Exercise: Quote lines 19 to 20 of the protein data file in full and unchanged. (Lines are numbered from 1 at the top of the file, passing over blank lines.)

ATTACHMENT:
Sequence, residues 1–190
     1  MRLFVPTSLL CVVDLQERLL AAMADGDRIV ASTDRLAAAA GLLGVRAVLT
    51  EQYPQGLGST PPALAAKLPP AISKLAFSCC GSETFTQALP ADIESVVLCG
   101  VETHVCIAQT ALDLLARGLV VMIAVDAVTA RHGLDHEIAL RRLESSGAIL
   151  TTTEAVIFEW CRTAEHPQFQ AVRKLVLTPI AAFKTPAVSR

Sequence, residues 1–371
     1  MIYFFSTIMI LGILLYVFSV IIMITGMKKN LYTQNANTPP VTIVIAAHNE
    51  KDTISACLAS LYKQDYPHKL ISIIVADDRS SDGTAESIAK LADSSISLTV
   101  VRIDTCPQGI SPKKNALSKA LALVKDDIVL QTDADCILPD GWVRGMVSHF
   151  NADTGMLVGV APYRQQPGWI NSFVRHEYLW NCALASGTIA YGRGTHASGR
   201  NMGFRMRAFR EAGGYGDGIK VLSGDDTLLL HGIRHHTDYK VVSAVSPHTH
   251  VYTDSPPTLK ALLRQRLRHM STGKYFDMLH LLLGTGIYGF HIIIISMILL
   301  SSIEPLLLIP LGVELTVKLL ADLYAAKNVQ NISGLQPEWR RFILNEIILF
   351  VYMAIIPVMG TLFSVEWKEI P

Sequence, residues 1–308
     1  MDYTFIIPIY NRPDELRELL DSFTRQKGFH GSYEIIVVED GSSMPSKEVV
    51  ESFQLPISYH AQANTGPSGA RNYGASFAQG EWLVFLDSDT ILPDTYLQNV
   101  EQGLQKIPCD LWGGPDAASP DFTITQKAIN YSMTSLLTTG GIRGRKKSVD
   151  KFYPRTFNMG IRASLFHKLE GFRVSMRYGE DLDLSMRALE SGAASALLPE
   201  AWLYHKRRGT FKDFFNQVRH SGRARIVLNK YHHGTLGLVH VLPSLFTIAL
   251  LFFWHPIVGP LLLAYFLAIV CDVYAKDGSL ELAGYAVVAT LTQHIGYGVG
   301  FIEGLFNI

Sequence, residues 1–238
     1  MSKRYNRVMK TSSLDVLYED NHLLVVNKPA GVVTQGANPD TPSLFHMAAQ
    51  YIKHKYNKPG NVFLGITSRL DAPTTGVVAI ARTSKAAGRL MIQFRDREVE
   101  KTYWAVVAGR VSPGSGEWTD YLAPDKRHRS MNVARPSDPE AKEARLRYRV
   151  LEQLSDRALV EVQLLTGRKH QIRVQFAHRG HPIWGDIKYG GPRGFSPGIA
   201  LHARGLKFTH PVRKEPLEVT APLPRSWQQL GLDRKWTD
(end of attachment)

   151  KFYPRTFNMG IRASLFHKLE GFRVSMRYGE DLDLSMRALE SGAASALLPE
   201  AWLYHKRRGT FKDFFNQVRH SGRARIVLNK YHHGTLGLVH VLPSLFTIAL